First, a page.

Cloud computing, where data and applications are stored remotely rather than on a company’s premises, has the benefit of significantly reducing IT costs and speeding up business operations. But one IT and communication provider is questioning whether business owners using cloud computing are aware of the security issues this modern way of working can bring.
Tech giants like Microsoft highlight how much more efficient it is for companies to rent computing power from a large tech firm rather than owning and managing their own computer servers. Therefore, instead of having to work from the office computer with its local server, the cloud allows employees to work in any location with an internet connection, creating more flexible working practices and increasing productivity. Working remotely has become increasingly popular over recent years.
Yet UK companies’ data stored in the cloud is often held in remote, distant locations, frequently in another country, and sometimes on the other side of the world. In the UK, various organisations are setting up data centres to hold all of their information. Microsoft, Amazon, the National Health Service (NHS) and the Ministry of Defence (MoD) are just some of the organisations progressively relying upon cloud storage.
Despite the many advantages, there are risks with cloud computing and its associated data centres that businesses need to be aware of. Simon Ahearne, managing director of Swansea-based IT company SA1 Solutions, suggests the main risk is giving up control of your data.
“Data centres are constantly in operation and the expectation is that their customers are too,” Ahearne said. “We live in a world where we work 24/7 and the cloud caters for this. The products and procedures required to deliver these services need to be continuously reviewed and developed. As security threats are always entering the digital landscape, software developers and data centre operators have a duty to stay one step ahead of cyber criminals that could be putting businesses’ data into jeopardy.
“But it’s surprising how many business leaders outsource their data management and assume all the security measures have been taken care of. You can’t make this assumption – it remains your data and you’re therefore still responsible for it.”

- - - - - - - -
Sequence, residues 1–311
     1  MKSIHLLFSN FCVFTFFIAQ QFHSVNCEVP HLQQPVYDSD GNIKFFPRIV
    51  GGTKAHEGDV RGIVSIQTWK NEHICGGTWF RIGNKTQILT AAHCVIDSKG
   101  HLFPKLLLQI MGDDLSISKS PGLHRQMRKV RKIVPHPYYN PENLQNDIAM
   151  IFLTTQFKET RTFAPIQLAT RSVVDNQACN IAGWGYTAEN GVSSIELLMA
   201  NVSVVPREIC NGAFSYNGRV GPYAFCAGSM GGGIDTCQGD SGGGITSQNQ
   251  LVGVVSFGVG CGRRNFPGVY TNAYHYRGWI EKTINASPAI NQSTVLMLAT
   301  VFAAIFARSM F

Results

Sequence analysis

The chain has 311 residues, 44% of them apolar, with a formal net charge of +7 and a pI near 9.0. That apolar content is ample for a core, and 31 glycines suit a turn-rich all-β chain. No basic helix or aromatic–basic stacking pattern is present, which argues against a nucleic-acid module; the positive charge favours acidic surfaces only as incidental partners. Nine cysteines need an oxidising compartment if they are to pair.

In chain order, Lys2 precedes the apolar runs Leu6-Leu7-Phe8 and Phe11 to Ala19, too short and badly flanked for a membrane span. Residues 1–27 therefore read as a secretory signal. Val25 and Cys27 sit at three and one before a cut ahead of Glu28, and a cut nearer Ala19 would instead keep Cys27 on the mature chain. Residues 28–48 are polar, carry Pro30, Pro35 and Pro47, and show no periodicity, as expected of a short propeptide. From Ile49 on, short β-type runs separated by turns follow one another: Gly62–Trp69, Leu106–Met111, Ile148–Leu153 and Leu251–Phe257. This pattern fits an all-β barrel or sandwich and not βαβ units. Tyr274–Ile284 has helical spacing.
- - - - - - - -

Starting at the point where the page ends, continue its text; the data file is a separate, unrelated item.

Brexit is another element to add to the mix of concerns for businesses when it comes to protecting their data. Compliance with UK data protection laws is the main matter many businesses are particularly concerned about once the country has officially separated from the European Union (EU). After all, the ability to keep customer information secure is vital to businesses and any risk to this will cause a great amount of apprehension.
As a member of the EU, the UK is subject to its laws, such as the Data Protection Directive. Once the UK departs from the EU, it will no longer have to abide by this ruling, or the General Data Protection Regulation (GDPR); its replacement will come into force during May 2018. However, if the UK wishes to continue with business dealings within the EU, it will most likely have to follow similar data protection and security laws, including the GDPR.
What is of utmost importance to UK businesses is the security of their data and despite uncertainly following Brexit, compliance plans should not be delayed.
Ahearne added: “Brexit has thrown businesses into confusion surrounding data storage, but directors can’t wait for the unknown. They have to be prepared. We know that data storage is not restricted by physical location, so businesses can move their hosting to where they feel it is most secure, such as to countries where legislation is a lot stronger. High security data centres that provide the latest encryption technologies are an obvious choice. It’s about taking control, understanding where your data is and ensuring its safe.”